kun dga' grol mchog
Jamgön Drupé Pawo Palden Künga Drölchok (‘jam mgon grub pa’i dpa’ bo dpal ldan kun dga’ grol mchog)
Losel Gyamtso (blo gsal rgya mtsho)
Semkyi Düdröl (sems kyi mdud grol)
Künga Drölchok was one of the greatest masters of 16th century Tibet. He studied, practiced, and taught many different teachings from various lineages, but especially those of the Sakya, Shangpa, and Jonang traditions. Künga Drölchok’s exemplary life of nonsectarian study and practice, and his many written works, were later an inspiring example for the great Jamgön Kongtrül Lodrö Thayé. Among his many works, the Hundred Instructions of the Jonangpa (jo nang khrid brgya) contains core instructions of Niguma and Sukhasiddhi (ni gu’i chos drug – phyag rgya chen po ga’u ma – lam ‘khyer – sems ‘chi med – su kha chos drug)
Künga Drölchok was born in Lo Möntang, the capital of the Mustang region of present-day Nepal. His main teacher as a youth was his uncle, the Sakya master Drungpa Chöjé Künga Chokdrup (d. 1526), who was a disciple of the great Dakchen Lodrö Gyaltsen (1444−1495). Künga Drölchok received ordination as a novice monk from Drungpa Chöjé when he was ten years old, and stayed with him constantly for the next four years, receiving many initiations and teachings of the Sakya tradition, including the Path with the Result three times.
In 1519, when Künga Drölchok was thirteen years old, he traveled with his elder brother to Central Tibet and Tsang for further studies. They first went to the great monastery of Sakya and the nearby retreat center of Khau Drakzong where they received teachings from the master Künpang Doringpa (1449−1524). Then they proceeded to the Sakya monastery of Serdokchen, the monastic seat of Panchen Shakya Chokden (1428−1507), where they began the serious study of epistemology and other scholastic subjects under the guidance of Shakya Chokden’s disciple and successor, Amoghasiddhi (1463−1527). But tragedy soon stuck. A smallpox epidemic claimed the lives of nineteen of the twenty-two students, including Künga Drölchok’s elder brother. The grief-stricken Künga Drölchok went into retreat for the next eight months. During this time he memorized several basic treatises of epistemology. But then his teacher Amoghasiddhi came into the retreat and severely scolded him, warning him that sterile scholarship did not result in enlightenment, and taught him many profound techniques of meditation practice. When the smallpox epidemic had passed, Künga Drölchok emerged from retreat to again receive many teachings of the Path with the Result and other traditions from the master Künpang Doringpa, who had come to visit Serdokchen Monastery. He continued to study all the major and minor fields of knowledge for the next five years at Serdokchen and other monasteries such as Ngor and Ngamring.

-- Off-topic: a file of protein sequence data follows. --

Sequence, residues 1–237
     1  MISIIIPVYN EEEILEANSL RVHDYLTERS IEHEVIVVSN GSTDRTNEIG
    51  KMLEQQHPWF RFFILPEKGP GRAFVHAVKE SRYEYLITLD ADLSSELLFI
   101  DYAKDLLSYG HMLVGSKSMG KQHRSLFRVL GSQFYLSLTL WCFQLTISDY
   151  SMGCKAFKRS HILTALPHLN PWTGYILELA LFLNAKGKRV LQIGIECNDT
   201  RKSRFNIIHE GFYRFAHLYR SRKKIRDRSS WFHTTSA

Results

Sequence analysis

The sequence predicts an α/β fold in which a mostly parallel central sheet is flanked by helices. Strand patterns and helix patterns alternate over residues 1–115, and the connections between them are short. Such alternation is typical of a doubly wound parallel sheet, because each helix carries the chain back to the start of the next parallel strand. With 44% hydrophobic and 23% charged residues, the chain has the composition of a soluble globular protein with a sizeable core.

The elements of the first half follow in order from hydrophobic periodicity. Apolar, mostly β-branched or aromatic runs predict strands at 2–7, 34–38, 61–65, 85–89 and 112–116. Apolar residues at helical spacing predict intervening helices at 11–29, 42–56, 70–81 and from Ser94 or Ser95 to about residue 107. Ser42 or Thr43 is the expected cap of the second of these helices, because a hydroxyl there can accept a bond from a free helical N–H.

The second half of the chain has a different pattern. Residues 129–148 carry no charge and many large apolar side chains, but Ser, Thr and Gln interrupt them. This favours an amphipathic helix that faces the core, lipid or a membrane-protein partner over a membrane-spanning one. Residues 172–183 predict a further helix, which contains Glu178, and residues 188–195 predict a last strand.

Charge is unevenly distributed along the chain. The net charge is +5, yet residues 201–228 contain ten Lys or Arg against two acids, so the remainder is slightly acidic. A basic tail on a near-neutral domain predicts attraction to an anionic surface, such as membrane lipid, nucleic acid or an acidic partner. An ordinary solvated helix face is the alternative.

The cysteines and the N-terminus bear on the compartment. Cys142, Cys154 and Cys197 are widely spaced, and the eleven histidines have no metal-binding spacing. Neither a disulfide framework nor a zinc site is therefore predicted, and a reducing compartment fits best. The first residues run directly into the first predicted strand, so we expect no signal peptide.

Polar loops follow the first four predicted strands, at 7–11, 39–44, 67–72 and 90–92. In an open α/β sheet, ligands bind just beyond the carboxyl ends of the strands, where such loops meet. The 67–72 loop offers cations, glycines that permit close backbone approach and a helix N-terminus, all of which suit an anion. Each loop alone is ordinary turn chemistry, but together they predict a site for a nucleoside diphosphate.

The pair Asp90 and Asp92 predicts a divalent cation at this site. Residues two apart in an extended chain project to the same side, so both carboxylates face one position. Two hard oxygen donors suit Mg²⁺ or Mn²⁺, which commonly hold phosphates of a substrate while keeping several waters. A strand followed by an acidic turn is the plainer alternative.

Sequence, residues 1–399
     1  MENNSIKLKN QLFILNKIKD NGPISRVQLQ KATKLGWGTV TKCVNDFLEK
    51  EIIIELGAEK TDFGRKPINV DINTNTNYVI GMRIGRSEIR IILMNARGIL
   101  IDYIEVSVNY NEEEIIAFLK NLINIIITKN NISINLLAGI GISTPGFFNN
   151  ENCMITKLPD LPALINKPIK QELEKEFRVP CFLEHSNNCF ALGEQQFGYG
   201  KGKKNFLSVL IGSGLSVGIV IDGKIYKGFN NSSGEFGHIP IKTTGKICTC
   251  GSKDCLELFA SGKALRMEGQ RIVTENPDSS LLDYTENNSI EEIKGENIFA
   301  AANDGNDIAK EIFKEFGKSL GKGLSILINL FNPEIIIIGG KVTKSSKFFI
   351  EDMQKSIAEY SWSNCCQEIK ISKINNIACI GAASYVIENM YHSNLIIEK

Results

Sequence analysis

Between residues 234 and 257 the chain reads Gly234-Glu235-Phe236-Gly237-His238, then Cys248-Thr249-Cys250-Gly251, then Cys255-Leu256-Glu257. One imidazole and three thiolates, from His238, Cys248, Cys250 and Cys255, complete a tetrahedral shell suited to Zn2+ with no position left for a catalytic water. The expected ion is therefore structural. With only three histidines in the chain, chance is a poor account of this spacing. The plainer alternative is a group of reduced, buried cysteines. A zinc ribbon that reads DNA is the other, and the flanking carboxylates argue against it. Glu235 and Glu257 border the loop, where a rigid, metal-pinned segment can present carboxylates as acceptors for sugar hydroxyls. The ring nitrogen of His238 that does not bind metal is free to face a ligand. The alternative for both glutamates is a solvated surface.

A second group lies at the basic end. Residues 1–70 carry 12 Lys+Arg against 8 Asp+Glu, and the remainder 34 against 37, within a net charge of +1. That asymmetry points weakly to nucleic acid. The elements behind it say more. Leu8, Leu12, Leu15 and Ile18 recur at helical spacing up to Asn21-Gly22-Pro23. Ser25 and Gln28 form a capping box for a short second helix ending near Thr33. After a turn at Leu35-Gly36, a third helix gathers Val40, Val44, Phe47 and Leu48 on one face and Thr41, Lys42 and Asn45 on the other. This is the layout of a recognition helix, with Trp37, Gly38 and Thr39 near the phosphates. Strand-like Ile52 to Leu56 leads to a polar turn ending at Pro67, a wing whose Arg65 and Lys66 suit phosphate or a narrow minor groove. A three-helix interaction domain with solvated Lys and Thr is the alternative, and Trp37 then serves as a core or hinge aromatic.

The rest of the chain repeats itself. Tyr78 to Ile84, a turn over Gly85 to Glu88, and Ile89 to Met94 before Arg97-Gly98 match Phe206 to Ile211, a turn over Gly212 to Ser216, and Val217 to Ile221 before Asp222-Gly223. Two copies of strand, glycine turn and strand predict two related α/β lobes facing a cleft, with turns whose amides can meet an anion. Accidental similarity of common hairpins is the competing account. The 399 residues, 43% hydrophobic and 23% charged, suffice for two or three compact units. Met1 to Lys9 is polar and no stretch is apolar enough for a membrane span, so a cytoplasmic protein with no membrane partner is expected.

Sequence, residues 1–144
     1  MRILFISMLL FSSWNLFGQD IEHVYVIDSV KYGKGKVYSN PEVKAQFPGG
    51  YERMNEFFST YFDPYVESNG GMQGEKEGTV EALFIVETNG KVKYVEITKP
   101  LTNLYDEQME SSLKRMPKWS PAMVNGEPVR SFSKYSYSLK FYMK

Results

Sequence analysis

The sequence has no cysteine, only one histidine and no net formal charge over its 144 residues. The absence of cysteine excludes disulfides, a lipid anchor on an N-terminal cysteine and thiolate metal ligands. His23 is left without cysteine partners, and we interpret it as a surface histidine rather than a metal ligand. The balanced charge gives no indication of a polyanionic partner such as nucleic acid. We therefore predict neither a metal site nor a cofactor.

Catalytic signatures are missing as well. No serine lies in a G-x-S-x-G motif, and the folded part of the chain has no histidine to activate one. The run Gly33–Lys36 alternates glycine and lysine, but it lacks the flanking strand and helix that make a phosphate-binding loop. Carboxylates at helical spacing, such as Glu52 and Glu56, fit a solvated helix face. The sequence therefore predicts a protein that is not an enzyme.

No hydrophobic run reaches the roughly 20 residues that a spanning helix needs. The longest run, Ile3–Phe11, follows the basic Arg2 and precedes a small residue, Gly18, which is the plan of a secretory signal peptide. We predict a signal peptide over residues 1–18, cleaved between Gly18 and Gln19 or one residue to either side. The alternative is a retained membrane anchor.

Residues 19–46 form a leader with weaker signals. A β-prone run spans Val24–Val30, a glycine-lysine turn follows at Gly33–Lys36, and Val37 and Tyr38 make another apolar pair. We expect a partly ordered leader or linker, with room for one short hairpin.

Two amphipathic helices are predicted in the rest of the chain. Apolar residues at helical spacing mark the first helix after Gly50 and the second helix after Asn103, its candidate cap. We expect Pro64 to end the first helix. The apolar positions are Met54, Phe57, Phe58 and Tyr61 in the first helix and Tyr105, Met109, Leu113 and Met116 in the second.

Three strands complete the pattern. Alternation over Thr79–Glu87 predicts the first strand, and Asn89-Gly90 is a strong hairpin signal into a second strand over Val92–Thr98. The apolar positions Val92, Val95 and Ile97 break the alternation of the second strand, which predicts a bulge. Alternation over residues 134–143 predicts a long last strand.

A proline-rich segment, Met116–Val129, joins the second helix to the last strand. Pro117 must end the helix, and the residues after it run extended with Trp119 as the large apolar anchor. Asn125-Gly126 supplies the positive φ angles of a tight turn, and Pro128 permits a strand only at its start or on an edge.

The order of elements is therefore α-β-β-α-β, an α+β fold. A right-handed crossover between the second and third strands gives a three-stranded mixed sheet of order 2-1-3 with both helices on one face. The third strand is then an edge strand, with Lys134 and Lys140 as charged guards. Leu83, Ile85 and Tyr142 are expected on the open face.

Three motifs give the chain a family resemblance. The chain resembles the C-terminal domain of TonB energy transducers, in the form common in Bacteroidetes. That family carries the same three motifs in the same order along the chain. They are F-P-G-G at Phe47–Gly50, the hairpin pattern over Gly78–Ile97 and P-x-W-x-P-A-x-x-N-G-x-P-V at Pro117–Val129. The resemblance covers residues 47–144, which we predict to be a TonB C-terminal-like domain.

Künga Drölchok then returned home to Mustang, where he received full ordination and many more teachings from his old teacher Drungpa Chöjé and the ninth abbot of Ngor monastery, Lhachok Sengé (1468–1535), who was visiting from Tibet. Drungpa Chöjé installed Künga Drölchok as his successor on the throne of Pupak Monastery and passed away soon after. Then Künga Drölchok’s father also passed away. The deaths of his teacher and his father affected him deeply, and with the realization that no composite phenomena are lasting, Künga Drölchok went into seclusion and lived as a hermit.
He did not wish to attend the summer retreat of the monks that year, but at the insistence of the abbot he left seclusion and gave various teachings, such as the great Sakya Pandita’s (1182−1251) Treasury of Epistemology (Tshad ma rigs gter). In 1528 another of Künga Drölchok’s teachers in Mustang, Panchen Jampa Lingpa (d. 1528) passed away. Künga Drölchok occupied the monastic seat at his teacher’s monastery for the next three years, which was a period of further intense study and teaching. On one occasion he went to visit the famous pilgrimage site of Muktinath in Nepal, where he spoke with and taught Dharma to the non-Buddhist Indian yogins using the Nepalese and Indian vernacular, to their great delight.
In 1534, when he was twenty-seven years old, Künga Drölchok again traveled northeast into Tibet, visiting Lhasa and then the great Karma Kagyü monastery of Tsurphu where he received the complete transmission of the Kagyü teachings. He would later travel several more times back and forth between Mustang and Central Tibet.
Künga Drölchok was especially devoted to the practices of the Shangpa Kagyü tradition which he received from the master Gyagom Lekpa Gyaltsen and other teachers. He met the dakini Niguma in a vision and taught the Shangpa transmission of the Six Dharmas of Niguma more than one hundred times to many masters from different traditions. He also frequently taught the Path with the Result and other precious instructions of the Sakya tradition throughout his career. Künga Drölchok was a master of the Jonang tradition’s sixfold yoga of Kalachakra which he received from Lochen Ratnabhadra (1489−1563), who seems to have been the most important of his many teachers.
For about the last twenty years of his life Künga Drölchok was the twenty-fourth holder of the monastic seat at Jonang, retaining this position until his death in 1566. He was succeeded on the Jonang throne by his nephew, Künga Palsang (1513–1595).
Contributed by Cyrus Stearns. Edited by Michael Sheehy from Jonang Foundation.